“We do not deny nor reject the invocation of help from the creature insofar as the created can help, as Allah Most High said in the story of Moses – upon him peace: And his countryman sought his help against his enemy.”

An inveterate deprecator of the Prophet and principal enemy of the Sufis, in one of his fatwas he asserts,
“Among other things, the Messenger of Allah, after his death, never appears in a vision to a wakeful person. He of the ignorant Sufis who claims that he sees, while vigilant, the vision of the Prophet, or that that vision attends the Mawlids or the like, is guilty of the foulest error, and exceedingly deluded… the dead never rise out of their graves in this world save on the Day of Judgement.”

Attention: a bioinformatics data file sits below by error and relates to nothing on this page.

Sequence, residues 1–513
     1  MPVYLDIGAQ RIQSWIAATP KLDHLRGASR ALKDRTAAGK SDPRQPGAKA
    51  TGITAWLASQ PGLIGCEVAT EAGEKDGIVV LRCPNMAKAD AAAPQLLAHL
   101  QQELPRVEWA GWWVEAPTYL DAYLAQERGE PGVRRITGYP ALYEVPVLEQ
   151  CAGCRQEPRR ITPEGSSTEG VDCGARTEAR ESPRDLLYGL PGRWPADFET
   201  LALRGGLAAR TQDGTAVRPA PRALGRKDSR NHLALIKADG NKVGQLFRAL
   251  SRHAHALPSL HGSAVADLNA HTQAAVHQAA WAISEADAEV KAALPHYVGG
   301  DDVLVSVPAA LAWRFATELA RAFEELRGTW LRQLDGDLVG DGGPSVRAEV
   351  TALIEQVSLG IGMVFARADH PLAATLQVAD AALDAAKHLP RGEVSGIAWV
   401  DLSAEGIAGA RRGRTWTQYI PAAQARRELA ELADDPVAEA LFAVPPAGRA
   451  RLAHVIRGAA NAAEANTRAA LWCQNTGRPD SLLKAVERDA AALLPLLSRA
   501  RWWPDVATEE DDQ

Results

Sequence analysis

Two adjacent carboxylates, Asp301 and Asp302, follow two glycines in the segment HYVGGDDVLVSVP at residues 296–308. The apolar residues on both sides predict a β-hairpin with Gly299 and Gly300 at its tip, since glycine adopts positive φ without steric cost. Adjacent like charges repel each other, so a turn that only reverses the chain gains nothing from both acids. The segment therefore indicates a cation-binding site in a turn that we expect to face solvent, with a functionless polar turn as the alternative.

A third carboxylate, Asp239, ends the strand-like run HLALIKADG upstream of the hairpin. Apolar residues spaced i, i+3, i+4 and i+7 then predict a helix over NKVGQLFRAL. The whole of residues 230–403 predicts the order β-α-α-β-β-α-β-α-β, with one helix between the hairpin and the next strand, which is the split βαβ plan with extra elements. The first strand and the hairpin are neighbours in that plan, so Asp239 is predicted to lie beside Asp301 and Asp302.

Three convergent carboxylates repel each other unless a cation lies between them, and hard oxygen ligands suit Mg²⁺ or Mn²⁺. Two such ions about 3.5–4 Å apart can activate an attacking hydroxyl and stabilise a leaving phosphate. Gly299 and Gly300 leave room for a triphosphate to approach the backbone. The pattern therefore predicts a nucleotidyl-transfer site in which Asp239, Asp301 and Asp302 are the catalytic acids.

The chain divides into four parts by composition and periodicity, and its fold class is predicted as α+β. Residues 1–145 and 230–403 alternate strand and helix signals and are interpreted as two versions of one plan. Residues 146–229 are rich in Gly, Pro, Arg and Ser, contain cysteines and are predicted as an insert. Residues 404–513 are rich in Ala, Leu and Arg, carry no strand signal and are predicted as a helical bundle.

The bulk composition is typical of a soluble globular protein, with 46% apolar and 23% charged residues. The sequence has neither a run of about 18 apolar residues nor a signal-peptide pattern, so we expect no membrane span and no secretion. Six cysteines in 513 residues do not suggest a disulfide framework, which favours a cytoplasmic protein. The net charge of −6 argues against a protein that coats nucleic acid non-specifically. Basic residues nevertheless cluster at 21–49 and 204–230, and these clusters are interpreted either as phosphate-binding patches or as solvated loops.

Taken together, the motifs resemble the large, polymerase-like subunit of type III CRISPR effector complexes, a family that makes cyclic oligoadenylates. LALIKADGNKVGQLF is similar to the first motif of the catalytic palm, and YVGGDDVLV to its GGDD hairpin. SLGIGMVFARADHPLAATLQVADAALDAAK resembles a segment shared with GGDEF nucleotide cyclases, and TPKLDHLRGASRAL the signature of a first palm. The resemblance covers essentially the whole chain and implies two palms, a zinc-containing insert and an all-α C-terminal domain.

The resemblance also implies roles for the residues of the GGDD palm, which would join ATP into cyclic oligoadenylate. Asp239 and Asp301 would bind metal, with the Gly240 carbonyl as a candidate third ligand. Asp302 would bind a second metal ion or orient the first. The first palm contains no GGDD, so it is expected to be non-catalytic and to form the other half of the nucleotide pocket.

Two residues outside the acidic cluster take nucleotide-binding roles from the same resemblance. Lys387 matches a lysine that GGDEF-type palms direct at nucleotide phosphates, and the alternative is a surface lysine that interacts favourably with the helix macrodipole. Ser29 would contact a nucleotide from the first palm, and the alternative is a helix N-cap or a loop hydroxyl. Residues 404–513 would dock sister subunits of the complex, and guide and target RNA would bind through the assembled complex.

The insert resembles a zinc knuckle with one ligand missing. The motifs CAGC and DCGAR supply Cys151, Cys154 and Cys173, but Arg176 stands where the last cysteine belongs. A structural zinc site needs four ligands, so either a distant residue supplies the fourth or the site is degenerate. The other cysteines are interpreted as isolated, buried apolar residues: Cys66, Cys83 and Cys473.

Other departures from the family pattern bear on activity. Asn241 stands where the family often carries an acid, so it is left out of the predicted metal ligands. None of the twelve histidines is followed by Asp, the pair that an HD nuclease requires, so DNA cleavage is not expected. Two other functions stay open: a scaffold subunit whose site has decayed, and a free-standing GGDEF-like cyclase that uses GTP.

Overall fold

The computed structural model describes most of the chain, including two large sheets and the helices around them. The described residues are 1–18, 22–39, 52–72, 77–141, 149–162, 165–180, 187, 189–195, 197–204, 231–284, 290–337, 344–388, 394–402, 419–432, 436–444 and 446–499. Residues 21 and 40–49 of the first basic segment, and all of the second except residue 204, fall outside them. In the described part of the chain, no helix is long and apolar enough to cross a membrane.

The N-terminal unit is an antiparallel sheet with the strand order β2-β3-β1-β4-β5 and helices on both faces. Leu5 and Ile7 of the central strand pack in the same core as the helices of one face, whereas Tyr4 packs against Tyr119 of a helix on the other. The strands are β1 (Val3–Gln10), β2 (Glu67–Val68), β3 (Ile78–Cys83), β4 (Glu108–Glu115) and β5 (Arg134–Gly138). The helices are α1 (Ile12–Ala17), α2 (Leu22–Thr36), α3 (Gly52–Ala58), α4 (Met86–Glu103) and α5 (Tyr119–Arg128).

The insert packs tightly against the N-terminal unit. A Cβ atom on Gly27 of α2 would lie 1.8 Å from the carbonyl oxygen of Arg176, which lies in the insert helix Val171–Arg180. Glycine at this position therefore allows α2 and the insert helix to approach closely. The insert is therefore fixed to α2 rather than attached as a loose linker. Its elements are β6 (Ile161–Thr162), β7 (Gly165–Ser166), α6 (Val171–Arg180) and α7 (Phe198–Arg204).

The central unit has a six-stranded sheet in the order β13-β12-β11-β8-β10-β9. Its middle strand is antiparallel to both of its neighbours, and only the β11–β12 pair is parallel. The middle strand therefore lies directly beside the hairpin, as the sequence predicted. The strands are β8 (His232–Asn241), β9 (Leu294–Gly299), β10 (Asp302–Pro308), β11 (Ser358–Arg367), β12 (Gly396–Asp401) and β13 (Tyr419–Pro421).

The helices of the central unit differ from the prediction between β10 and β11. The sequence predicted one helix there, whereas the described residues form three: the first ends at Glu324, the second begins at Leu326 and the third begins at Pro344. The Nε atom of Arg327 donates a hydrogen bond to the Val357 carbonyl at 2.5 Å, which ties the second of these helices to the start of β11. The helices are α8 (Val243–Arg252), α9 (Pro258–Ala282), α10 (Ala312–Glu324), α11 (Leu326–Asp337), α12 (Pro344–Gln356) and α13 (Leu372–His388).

The above is a claim to know in their entirety:
  1. the Unseen
  2. the wherewithal of the Prophet in Barzakh
  3. the states of the servants of Allah Most High
In addition to an impious reference to the Prophet  as “the dead.” Surely, it is ibn Baz who is dead while the Prophet – Allah bless him and greet him, as stated by Sheikh Muhammad ibn `Alawi in Manhaj as-Salaf, “is alive with a complete isthmus-life which is greater and better and more perfect than worldly life – indeed, higher, dearer, sweeter, more perfect, and more beneficial than worldly life.”

It is also related from one of the great Sufi sheikhs, Sheikh Abul-Hasan ash-Shadhili – may Allah have mercy upon him – who, unlike ibn Baz, was only physically blind, whom the hadith master ibn al-Mulaqqin mentioned in his Tabaqat al-Awliya' and concerning whom ibn Daqiq al-`Id said, “I never saw anyone more knowledgeable of Allah;” that he said: